Arts September 25, 2018

Doing It the Old Fashioned Way

In this age of disposable everything—when shoes are not made to be repaired, stoves last a mere five years instead of 20, and even smart phones are obsolete after two years—it’s refreshing to find a business where “old” is valued for form, function, and beauty.

ArtCraft Idaho, a Boise family business, has built a reputation for reliable craftsmanship in restoring, repairing and conserving antiques, family heirlooms and modern furniture using old-world techniques.

Curt Wonacott, owner of ArtCraft

Josh Pew, the newest addition to ArtCraft

“We recently completed a complex job for the great-granddaughter of Cornelius Vanderbilt,” said Curt Wonacott, who with his wife Janet is one of the current owners. Vanderbilt made his fortune in railroads and shipping in the late 1800s. “We were charged with restoring, actually conserving, many of the family antiques. One was a 1901 Louis Vuitton steamer trunk of which the exterior had totally rotted. We obtained impregnated canvas like that used on the original through an interior decorator.

“Another piece was Mr. Vanderbilt’s desk, which had legs and drawer pulls with rosewood veneer set [on} a bias. The substrate beneath the veneer had shrunk, so when the piece was handled, little chunks of veneer would drop off. We had to put them back on so they would stay,” he grinned.

There is an important distinction between restoring and conserving. Wonacott explained that in conserving, you restore or stabilize the antique using the same techniques as were used when the piece was originally crafted, much as museums do. So that means using glue made from rendered hides or hooves or nails that are of the kind used when the piece was built. Often no nails were used at all.

“Earlier craftsman would dovetail two pieces, use a mortise and tenon joint or Japanese joinery,” said Josh Pew, Wonacott’s apprentice who will take over the business. “These techniques take patience and precision, which I enjoy.”

Many of the heirlooms that ArtCraft restores have intricate inlays or marquetry of different woods. A number of the Vanderbilt pieces had been “painted” with gesso, a powder which, when mixed with water, is applied like plaster and gives depth and contour to the underlying material. The gesso was peeling so the ArtCraft crew “stabilized” it to keep what was left intact. Then they applied what is called French polish: an 18th century technique of rapidly wiping on multiple thin layers of shellac by hand, which yields a lustrous shine that accentuates the grain of the wood.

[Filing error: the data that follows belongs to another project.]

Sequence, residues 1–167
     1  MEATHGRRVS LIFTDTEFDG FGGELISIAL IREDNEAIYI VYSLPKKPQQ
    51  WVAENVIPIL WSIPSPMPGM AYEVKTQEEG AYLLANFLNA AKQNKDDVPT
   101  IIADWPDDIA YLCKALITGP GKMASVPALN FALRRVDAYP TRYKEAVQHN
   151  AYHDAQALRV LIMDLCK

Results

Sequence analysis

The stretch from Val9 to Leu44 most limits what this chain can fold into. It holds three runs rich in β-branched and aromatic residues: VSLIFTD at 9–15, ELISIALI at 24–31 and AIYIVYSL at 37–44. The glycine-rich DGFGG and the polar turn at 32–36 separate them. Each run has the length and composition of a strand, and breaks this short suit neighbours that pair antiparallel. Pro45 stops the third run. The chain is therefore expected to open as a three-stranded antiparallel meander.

Other projects include restoring the Governor’s Desk and committee room chairs during the Idaho Capitol restoration, weaving cane and wicker, and acting as the service center for Brown & Jordan lawn furniture.

ArtCraft is a family company, at present three generations deep. Edmund Fortin, a French Canadian unafraid of breaching old boundaries, left his small hometown in Quebec province in 1915. He eventually relocated to Salem, Mass., where Edmund began refinishing pianos.

His son Roland settled in Boise after World War II, marrying Ruth, a farm girl from Meridian. He expanded the scope of the business and brought in his daughter Janet, as well as an apprentice named Curt Wonacott. Curt and Janet married and solidified ArtCraft’s reputation for its attention to detail and artisanship. Recently, they began to think about retiring.

At the same time, Josh Pew had attended the Oregon College for Art and Craft, and moved to Boise to pursue his dream of making furniture. A chance meeting at Treefort brought them together. Chatting about the band on stage, Pew mentioned that he was looking to buy a woodworking shop. “I said ‘Guess what?’” recounted Wonacott. “I have one, and I’m looking to sell it!’ Josh is a good kid. A fast learner, hard worker, and I think he’s gonna do just fine.”

Pew’s brother Daniel plans to join him in the business, and they have a vision of adding a retail storefront and a colony of artists’ studios.

“It’s been 46 years since we started with my dad. I know he would be incredibly proud and immensely happy if he could see what his dream has become,” said Janet. “Josh and his brother are incredibly talented and motivated. I think they’ll take our business to a new and exciting level.”

This article appears in the Fall 2018 Issue of Territory Magazine.